(888) 277-4253

THEATER REVIEW: “Elephant Room” puts a new twist on the magic show

In case you’re wondering, there is an elephant in “Elephant Room,” a goofy magic show playing through Sept. 16 at the Kirk Douglas Theatre in Culver City.

The show stars not one, not two but three magicians in a wide-ranging but unfocused performance that includes sketch comedy, choreography, country/western songs, audience participation and – oh, yes – some magic.

The conjurers, who perform under the names Dennis Diamond, Louis Magic and Daryl Hannah, all have bad wigs and false teeth and look like rejects from a high school talent show. The conceit is that a basement room from Paterson, N.J. has been brought west and propped up on cinderblocks in Culver City for a meeting of their Elephant Room Society.

“This is our secret room,” Louie says, “where we hide stuff.”

I don’t know that I’ve ever seen magicians dance, but director Paul Lazar (co-founder of Big Dance Theatre) can be credited with the hoofing done by this ragtag bunch.

Their magic is mostly of the now-you-see-it-now-you-don’t variety. In the best bit, an egg magically moves from one hand to another of their cumulative six, then Diamond produces a second egg and makes an omelet in a pan with no visible heat source. He also has a creative way of grating cheese into the omelet.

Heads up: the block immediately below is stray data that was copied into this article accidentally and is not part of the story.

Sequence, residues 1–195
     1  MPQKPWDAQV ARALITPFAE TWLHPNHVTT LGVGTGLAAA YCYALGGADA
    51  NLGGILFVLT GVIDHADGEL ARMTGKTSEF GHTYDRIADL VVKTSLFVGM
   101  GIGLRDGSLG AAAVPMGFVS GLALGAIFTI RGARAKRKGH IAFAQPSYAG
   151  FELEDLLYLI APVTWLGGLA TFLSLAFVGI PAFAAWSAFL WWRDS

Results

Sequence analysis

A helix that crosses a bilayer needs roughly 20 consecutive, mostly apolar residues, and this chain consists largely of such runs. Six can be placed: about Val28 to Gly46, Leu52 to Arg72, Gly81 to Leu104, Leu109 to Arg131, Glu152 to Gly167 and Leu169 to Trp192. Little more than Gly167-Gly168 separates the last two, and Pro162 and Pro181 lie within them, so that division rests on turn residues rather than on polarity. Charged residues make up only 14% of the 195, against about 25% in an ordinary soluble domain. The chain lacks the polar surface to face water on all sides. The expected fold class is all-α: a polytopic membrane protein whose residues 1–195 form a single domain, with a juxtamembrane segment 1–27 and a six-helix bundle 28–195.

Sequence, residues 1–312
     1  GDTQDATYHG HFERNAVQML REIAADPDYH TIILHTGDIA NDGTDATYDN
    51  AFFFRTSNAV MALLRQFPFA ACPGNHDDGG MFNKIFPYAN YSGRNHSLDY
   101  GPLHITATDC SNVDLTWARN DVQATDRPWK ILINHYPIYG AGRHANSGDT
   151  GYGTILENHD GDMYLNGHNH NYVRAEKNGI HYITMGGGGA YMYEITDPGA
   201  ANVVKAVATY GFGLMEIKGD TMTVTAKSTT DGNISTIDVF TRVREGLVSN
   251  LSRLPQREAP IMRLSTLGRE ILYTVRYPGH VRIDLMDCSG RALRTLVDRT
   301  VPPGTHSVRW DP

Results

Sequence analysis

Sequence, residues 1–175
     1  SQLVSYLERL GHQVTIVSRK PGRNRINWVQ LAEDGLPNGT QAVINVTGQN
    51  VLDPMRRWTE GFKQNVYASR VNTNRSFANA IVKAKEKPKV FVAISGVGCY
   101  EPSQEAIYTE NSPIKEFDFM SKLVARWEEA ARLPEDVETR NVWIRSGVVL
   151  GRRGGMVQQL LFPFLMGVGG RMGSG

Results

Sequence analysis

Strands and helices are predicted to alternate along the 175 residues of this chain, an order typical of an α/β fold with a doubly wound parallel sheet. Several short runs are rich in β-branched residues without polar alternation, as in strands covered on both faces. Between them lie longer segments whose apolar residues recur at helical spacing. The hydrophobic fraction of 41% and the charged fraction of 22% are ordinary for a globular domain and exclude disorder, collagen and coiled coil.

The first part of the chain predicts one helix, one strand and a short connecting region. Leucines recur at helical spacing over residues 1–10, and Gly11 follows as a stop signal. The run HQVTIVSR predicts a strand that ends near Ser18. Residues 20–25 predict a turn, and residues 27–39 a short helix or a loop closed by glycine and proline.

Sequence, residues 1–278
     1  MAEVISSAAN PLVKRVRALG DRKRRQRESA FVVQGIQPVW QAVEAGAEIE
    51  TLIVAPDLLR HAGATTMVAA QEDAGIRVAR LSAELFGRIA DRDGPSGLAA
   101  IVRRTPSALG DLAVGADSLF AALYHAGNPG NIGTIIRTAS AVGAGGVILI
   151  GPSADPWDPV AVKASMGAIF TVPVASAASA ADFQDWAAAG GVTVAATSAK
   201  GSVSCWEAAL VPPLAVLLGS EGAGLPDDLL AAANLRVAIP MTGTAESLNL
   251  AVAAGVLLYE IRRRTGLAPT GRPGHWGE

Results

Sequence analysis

Later, milk is made to flow from a most unlikely vessel.

The magic is mildly amusing, but what’s lacking in this piece (commissioned by the Center Theatre Group) is coherence. The egg bit is overwhelmed by less funny but more extended pieces: a too-long piece about tying a tourniquet; something that sounds like a phone-sex call to the Dalai Lama; a pretty recruit stuck in a jejune first-date scenario with Hannah.

San Diego audiences have seen Diamond and Hannah (aka Geoff Sobelle and UCSD MFA Trey Lyford) at La Jolla Playhouse in their more engaging, if oddball homage to clowns of the past, “all wear bowlers.”

It’s not clear whether this trio wants to honor or mock their craft. In some ways, they are reminiscent of what Renaissance audiences encountered from street performers, but most modern audiences have shorter attention spans and are less likely to remain attentive to the meandering hodgepodge of this show.

Oh. That elephant? I’ll leave you to discover it.

The details

“Elephant Room” plays through Sept. 16 at the Kirk Douglas Theatre, 9820 Washington Blvd., Culver City.

Tuesday through Friday at 8 pm; Saturday at 2 and 8 pm; Sunday at 1 and 6:30 pm.

For tickets, call 213-628-2772 or visit HERE.

To read more reviews by SDGLN Theater Critic Jean Lowerison, click HERE.